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Protein in Urine: What Does It Mean?

Wednesday, 30 April 2014 09:13 PM

Kidneys are the filtration system of our body. Kidneys clear impurities and harmful substances from the blood circulatory system and excrete them. However, in certain conditions like fever, hypertension, diabetes and most commonly kidney or renal disorders, the kidney fails to function efficiently. This causes proteins being discharged in the urine. High excreted levels cause proteinuria, a common condition in renal disorder. Excretion of small amounts, especially of albumin, is called microalbuminuria, often seen in the early stages of renal diseases.


Proteinuria can be of many types. Transient or temporary presence of protein in the urine is usually caused due to high fever, dehydration, extensive physical activity or exercise, stress, and pregnancy. This condition does not necessarily indicate renal or kidney disorders. The protein levels revert to normal automatically after necessary treatment.
In persistent cases, the concentration of protein in the urine is abnormal. It is confirmed by monitoring the presence in urine continuously for 24 hours. If the amount of protein is more than 80 milligrams in a 24-hour urine collection cycle, the condition is deemed abnormal. This is usually caused due to kidney or renal disorders, which include abnormalities of nephrons or glomerulus. Under these conditions, the kidney loses its efficiency of blood filtration and fails to reabsorb the necessary proteins. This leads to discharge of proteins in urine. Sometimes, infections of the urinary bladder, heart disease, multiple myeloma, or even certain drugs can cause proteinuria.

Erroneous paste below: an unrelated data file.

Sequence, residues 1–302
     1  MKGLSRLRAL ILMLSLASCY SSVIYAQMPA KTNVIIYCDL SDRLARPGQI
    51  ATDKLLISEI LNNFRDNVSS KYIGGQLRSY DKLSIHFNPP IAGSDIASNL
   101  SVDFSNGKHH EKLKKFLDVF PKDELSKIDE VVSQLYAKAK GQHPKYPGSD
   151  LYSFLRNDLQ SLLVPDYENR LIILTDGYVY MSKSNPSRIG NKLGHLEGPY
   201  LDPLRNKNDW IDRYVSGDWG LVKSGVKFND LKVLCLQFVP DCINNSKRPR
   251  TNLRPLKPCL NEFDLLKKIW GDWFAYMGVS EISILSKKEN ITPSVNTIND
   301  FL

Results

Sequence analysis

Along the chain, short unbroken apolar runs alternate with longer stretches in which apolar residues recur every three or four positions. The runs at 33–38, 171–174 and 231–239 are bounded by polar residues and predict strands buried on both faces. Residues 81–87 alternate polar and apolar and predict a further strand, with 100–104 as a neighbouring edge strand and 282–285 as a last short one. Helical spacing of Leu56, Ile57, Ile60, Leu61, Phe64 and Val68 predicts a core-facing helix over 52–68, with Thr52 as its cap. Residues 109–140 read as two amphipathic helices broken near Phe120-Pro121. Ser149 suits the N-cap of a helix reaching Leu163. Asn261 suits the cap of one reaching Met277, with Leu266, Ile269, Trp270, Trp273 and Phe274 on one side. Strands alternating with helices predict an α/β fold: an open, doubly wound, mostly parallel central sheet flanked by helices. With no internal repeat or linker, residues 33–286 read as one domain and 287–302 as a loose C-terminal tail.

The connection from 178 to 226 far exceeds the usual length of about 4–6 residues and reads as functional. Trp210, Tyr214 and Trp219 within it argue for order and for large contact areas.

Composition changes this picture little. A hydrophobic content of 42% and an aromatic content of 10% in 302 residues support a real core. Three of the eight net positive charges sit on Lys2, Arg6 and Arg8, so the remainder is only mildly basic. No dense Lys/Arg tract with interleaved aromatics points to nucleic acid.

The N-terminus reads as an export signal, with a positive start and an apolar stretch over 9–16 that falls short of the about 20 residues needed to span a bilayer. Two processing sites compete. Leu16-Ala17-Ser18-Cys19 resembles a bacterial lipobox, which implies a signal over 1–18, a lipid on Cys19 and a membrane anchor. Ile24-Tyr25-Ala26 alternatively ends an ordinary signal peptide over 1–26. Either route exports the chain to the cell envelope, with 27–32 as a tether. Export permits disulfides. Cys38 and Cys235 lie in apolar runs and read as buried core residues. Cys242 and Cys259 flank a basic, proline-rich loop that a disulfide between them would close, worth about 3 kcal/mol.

Low levels of proteins in the urine, especially in diabetic and hypertension patients, represent early stages of kidney or renal disease.

No definite visible symptoms are present for this condition. Often, proteinuria is discovered during routine urine analysis performed for patients of diabetes and hypertension. Foamy urine is one of the indicators of presence of protein. In severe cases, like in patients of renal disorders, excess protein is discharged in the urine. This causes decrease in the concentration of albumin in the blood, which, in turn, causes leakage of fluid from the blood circulatory system, resulting in swelling of body parts and edema.


A simple analysis of urine using dipstick color indicators can help determine the presence or absence of protein. However, presence of protein in the urine does not indicate its causes. Microscopic analysis of urine for the presence of abnormal cell populations may help in the diagnosis of the causes, followed by detailed check-up involving Urine Albumin to Creatinine ratio test for 24-hour urine collection. Abnormal protein levels in the UACR test usually point towards renal problems.


The treatment procedure is based on the underlying causes. Most causes are kidney and renal disorders associated with diabetes and hypertension. Therefore, the therapeutic approach followed first aims at controlling blood pressure and blood sugar levels. The drugs administered usually comprise of angiotensin converting enzyme inhibitors, along with angiotensin receptor blockers.

The condition associated with autoimmune disorders is usually treated with steroids in conjugation with angiotensin receptor blockers.
Proper medical attention should be sought in cases of persistent proteinuria to find out the exact causes. Proper treatment can prevent further kidney and renal complications.

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Improper functioning of the kidney leads to renal disorders, including faulty filtration and absorption, leading to discharge of protein in the urine. This condition is termed proteinuria.
protein, urine, kidney, renal, causes
Wednesday, 30 April 2014 09:13 PM
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